Enhancing Innovation Adoption to Boost SMEs Performance

Enhancing Innovation Adoption to Boost SMEs Performance

Neeta Baporikar (Namibia University of Science and Technology, Windhoek, Namibia & University of Pune, Maharashtra, India) and Sigried Shikokola (Ministry of Safety and Security, Namibia)
Copyright: © 2020 |Pages: 20
DOI: 10.4018/IJIDE.2020010101

Abstract

SMEs contribute to economic growth, employment and thereby reduce poverty. Hence, they are considered as an engine of growth, especially in the developing countries like Namibia. The other reason is they aid promotion of entrepreneurship, innovative activities enhance competition, productivity and economic growth. Adopting a qualitative approach, this study investigated the influence of innovation on SME performance and how enhancing innovation adoption will boost SMEs performance in the Khomas Region, Namibia. Primary data was collected through open and closed-ended questionnaire, distributed to 20 SME owners by means of purposive sampling method and content analysis done. Findings reflect that innovation is an important element of every organization as it had major influence on performance. Besides, innovative enterprises showed better growth. The recommendations include that the Government of Namibia consider strong financial and mentor-ship support through strategic measures, like business incubators so as to augment and sustain SMEs positive performance.
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Introduction

In this modern world, there is rapid change which is affecting almost all businesses and managers. Firms are demanding to be more efficient and productive by strategically differentiating themselves in order to survive in the market and achieve set goals. More specifically, many Small and Medium Enterprises (SMEs) are embracing innovation development in order to improve their position. Innovation is one of the vital tools of growth tactics that enable businesses to enter new markets, increase existing market share, as well as achieve competitive advantage. Due to strong competition in global markets, many enterprises are demanding to understand the importance of innovation in order to improve the quality of their offerings, enhance their performance and survive in the market (Rosli & Sidek, 2013). Nowadays, enterprises are introducing innovations to apply more productive processes, to perform well in the market, and to safeguard a positive reputation in customer’s perception. All of these factors contribute to overcome difficulties while striving to achieve a competitive position in the market (Gunday, Ulusoy, Kilic & Alpkan, 2011). This is for the reason that, nowadays, innovation is one of the powerful tools that influence the performance of any enterprise, and it is not considered a luxury, rather a necessity for survival (Rosli & Sidek, 2013). Thus, encouraging innovation in small and medium sized enterprises (SMEs) remains a key initiative in order to encourage firm growth (Han et al., 1998).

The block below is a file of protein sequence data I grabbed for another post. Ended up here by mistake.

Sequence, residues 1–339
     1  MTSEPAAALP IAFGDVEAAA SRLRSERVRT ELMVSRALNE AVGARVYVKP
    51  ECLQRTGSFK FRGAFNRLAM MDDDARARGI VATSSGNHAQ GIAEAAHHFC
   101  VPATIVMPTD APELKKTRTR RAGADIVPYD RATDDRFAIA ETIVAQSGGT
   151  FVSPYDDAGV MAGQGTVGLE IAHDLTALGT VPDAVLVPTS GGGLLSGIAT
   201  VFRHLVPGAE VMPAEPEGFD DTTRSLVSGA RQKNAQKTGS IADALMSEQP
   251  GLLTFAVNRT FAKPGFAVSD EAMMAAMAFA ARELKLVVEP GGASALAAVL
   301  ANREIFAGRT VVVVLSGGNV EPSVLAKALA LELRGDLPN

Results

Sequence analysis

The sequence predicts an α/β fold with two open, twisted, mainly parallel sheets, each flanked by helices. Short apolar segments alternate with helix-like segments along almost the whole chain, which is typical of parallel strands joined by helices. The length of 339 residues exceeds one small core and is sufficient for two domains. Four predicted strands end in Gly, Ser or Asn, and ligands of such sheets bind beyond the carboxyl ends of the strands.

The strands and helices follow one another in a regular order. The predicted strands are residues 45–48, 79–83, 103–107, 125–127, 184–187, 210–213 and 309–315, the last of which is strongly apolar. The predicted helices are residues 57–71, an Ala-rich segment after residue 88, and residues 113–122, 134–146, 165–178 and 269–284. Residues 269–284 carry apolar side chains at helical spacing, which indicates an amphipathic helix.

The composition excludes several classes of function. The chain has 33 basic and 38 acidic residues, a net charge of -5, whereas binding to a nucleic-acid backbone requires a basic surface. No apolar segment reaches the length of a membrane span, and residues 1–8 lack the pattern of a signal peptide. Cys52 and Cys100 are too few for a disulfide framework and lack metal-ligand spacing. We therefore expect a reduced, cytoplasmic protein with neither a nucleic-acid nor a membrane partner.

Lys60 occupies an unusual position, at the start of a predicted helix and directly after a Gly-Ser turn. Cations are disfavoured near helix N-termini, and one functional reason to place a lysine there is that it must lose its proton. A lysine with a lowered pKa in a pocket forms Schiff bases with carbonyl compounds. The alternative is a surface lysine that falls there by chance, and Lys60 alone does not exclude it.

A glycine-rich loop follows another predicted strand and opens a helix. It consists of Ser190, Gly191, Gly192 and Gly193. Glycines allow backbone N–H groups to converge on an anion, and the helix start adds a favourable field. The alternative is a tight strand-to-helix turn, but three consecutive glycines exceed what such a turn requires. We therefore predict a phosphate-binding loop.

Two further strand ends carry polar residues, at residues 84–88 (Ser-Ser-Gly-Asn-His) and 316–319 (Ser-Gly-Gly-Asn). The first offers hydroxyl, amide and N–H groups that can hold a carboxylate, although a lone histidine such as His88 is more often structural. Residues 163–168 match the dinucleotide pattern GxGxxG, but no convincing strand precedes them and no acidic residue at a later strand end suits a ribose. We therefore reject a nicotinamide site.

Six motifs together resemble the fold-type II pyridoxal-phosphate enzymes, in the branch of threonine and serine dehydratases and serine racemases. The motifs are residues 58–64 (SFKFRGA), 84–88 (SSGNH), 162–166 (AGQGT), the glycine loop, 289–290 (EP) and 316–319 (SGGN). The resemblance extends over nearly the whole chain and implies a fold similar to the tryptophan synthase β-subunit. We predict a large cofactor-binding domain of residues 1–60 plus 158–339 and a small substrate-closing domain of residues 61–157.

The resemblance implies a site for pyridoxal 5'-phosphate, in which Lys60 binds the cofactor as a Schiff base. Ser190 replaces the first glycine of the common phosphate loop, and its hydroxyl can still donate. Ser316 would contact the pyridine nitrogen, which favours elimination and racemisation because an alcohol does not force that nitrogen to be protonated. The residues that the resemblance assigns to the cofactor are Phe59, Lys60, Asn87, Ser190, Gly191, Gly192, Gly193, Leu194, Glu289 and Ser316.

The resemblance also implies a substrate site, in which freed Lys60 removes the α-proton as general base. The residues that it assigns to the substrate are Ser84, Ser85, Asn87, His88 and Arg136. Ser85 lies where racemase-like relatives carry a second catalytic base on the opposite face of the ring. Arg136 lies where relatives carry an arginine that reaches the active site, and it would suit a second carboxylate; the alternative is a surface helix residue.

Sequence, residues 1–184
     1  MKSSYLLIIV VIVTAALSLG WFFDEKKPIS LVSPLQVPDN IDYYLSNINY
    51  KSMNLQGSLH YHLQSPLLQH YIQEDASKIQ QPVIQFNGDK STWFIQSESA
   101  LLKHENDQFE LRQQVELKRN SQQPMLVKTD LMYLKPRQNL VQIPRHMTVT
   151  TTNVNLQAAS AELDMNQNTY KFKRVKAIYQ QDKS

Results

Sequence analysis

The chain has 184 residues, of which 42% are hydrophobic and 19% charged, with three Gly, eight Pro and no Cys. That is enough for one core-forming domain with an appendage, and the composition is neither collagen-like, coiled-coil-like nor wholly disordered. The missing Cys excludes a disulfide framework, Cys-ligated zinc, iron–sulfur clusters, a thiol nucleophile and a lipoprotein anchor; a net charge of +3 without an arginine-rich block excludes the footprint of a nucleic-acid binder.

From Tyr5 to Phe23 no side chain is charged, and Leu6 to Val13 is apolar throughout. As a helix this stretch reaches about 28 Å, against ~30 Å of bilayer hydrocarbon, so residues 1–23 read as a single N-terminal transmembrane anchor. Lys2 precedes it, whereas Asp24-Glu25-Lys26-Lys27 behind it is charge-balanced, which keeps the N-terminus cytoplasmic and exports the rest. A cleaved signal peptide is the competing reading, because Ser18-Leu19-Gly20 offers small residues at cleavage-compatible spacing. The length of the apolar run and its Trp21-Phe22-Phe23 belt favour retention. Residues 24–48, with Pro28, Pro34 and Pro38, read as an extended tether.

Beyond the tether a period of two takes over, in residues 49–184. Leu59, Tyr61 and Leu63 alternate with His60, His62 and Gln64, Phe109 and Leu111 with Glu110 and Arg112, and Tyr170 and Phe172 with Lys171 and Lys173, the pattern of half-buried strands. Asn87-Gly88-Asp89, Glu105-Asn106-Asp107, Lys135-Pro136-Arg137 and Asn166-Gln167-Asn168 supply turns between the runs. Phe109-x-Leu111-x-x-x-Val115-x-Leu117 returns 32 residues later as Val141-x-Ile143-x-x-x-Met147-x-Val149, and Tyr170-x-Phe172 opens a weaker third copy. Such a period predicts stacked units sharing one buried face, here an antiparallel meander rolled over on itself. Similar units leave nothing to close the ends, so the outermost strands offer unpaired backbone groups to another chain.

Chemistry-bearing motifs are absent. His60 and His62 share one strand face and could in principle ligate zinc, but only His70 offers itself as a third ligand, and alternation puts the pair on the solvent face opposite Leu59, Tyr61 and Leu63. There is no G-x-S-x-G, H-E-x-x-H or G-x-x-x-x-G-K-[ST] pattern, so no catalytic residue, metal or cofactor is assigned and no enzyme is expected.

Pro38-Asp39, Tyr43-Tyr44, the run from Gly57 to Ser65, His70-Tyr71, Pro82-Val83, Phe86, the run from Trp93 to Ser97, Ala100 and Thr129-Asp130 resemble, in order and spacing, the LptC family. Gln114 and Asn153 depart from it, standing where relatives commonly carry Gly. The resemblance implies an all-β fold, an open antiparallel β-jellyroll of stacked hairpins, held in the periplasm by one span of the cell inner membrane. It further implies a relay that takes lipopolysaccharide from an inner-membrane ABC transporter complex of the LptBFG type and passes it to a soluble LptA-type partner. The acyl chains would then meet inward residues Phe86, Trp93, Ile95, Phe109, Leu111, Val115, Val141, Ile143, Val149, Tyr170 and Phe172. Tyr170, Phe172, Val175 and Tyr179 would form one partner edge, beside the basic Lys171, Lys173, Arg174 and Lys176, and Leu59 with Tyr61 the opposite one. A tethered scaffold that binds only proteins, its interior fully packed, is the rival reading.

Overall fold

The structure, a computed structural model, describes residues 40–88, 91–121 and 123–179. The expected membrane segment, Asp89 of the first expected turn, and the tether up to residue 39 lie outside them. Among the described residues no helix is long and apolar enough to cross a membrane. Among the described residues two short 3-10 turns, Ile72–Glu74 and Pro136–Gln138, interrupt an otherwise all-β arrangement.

SMEs play a major role in any country, which contribute to economic growth, employment and reduction of poverty especially in transition countries (Ayyagari et al., 2007). These are some reasons why SMEs are considered as an engine of growth, especially in the developing countries. One of the reasons includes the promotion of entrepreneurship and innovation activities which enhance competition and productivity growth. SMEs are more productive as they are more flexible and can adapt to the changes in the market. Furthermore, they contribute mostly to employment growth, even though both, the rate of establishment and bankruptcy of SMEs are high (Tambunan, 2007). The role of SMEs in the economic and social development of countries is well established when applying the concept of innovation on these SME firms. However, SMEs in the Khomas Region lack innovation activities with 60% of SME owners not considering innovation as an important element (April, 2005). Moreover, there remains ambiguity as to what exactly constitutes the entrepreneurial sector in Namibia (Baporikar, Nambira & Gomxos, 2016). This notwithstanding that there are fewer new products in the market, less adoption of innovation strategies and hardly any innovation activities that stagnate sales and restrict growth.

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